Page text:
If you're considering getting into the stock market, now may be an opportune time. Although a bear market may be concerning, it won't last forever. The markets have recovered from crashes, inflation, and even world wars. Legendary investor Warren Buffett, for example, first invested in the stock market in 1942, in the early stages of World War II.
While this recent bear market may have you worried, it shouldn't discourage you from investing in it. If I had $10,000 to start investing with right now, the three stocks I'd put in my portfolio are Camping World Holdings (CWH 5.16%), ExxonMobil (XOM 0.24%), and Curaleaf Holdings (CURLF 2.87%). Here's how I'd allocate those funds to ensure a good mix of dividends and growth potential without taking on too much risk.
Camping World Holdings: $6,000
The bulk of my investment would go toward Camping World Holdings, a retailer of recreational vehicles that also sells camping equipment. It offers financing, which can make it affordable for consumers to buy an RV without breaking the bank. In the long haul, using an RV can make for a cost-efficient vacation option, which is why I'm bullish on its growth prospects.
The company's business is solid as Camping World is also coming off the best second-quarter results in its history. At $2.2 billion, sales for the period ending June 30 were up 5.2% year over year. Rising costs chipped away at net income (it fell 20% from the prior-year period), but diluted earnings per share of $2.01 are still more than enough to cover its quarterly dividend payment of $0.625.
At close to 10%, Camping World offers a mouth-watering yield that can generate tons of dividend income for you. On a $6,000 investment, that's $600 you could be collecting each year just in dividends. Not only is the current dividend safe (the payout ratio is just 42%), there's room for Camping World to increase its payouts. And this year, it hiked its dividend by 25%.
Camping World is down 37% this year as investors may be overly bearish on the yield, assuming that at such a high percentage, it could be due for a cut, which doesn't look to be the case. At a discounted price, trading at less than five times its earnings, Camping World's stock could be a steal of a deal right now.
Another top dividend stock I'd put money into is ExxonMobil. The top oil and gas producer pays a yield of 4%, and with earnings coming up, the company may soon announce an increase to the dividend. Exxon is a Dividend Aristocrat, and it has increased its payouts for nearly 40 consecutive years, averaging a 6% increase during that time.
In addition to the dividend, the reason I'd put nearly one-third of an investment into Exxon's stock is because it can be a hedge against inflation. Rising oil prices this year have boosted the oil producer's profits. Through the first two quarters of 2022, Exxon has generated $23.3 billion in profit versus $7.4 billion over the same stretch last year.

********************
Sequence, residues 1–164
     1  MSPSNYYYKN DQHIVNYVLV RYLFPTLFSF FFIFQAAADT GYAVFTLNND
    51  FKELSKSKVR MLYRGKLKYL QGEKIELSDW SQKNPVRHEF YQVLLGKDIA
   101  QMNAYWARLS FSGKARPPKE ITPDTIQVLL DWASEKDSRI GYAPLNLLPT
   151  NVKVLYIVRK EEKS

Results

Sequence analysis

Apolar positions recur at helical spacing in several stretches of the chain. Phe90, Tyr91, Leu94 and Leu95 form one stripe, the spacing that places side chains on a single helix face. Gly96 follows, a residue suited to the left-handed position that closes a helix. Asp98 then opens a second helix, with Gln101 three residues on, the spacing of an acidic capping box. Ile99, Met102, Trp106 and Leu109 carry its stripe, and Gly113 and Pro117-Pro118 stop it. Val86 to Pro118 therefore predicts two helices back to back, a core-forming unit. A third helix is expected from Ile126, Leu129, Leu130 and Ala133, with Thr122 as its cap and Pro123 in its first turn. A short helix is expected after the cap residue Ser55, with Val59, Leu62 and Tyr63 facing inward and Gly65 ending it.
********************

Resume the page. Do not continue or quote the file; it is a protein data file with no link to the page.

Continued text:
The company's shares have also soared close to 50% since the start of the year, with investors betting that oil prices remain elevated. The only reason I wouldn't put an equal amount of money into Exxon as I would into Camping World is that oil prices can be incredibly volatile; last year, they even went negative for a brief period. As a result, Exxon's stock can be riskier when holding for the long term and thus justifies a smaller investment. Although that may seem like a bad strategy this year, with Exxon outperforming Camping World by a huge margin, that's not a trend I would expect to last over several years.
Curaleaf Holdings: $1,000
The previous two stocks were about dividends, safety, and offsetting inflation. With Curaleaf, this investment is all about sheer growth potential. And the $1,000 investment represents the risk that comes with investing in a pot stock. Although Curaleaf is one of the largest cannabis companies in the world, reporting just under $1.3 billion in revenue over the trailing 12 months, it's also the only company on this list that remains unprofitable.
Curaleaf is a large multistate marijuana operator with a presence in 21 states. Its revenue has been growing but at a declining rate in recent quarters due to an excess of supply in the cannabis industry.
However, the industry will have more growth opportunities as more states and countries globally legalize marijuana for medicinal or recreational use. Analysts from Fortune Business Insights see the global cannabis market reaching a value of nearly $200 billion by 2028, growing at a compounded annual growth rate (CAGR) of more than 32% until then.
Given the industry's potential, I think it would be a mistake for growth-oriented investors to overlook it despite its risks. And with a top company like Curaleaf, you're decreasing some of that risk by going with a big name here that could generate significant long-run returns for your portfolio. Although the stock has tanked 60% this year, so has the Horizons Marijuana Life Sciences ETF. Investors have been bearish about the industry as a whole, but that trend is likely to change in the long term.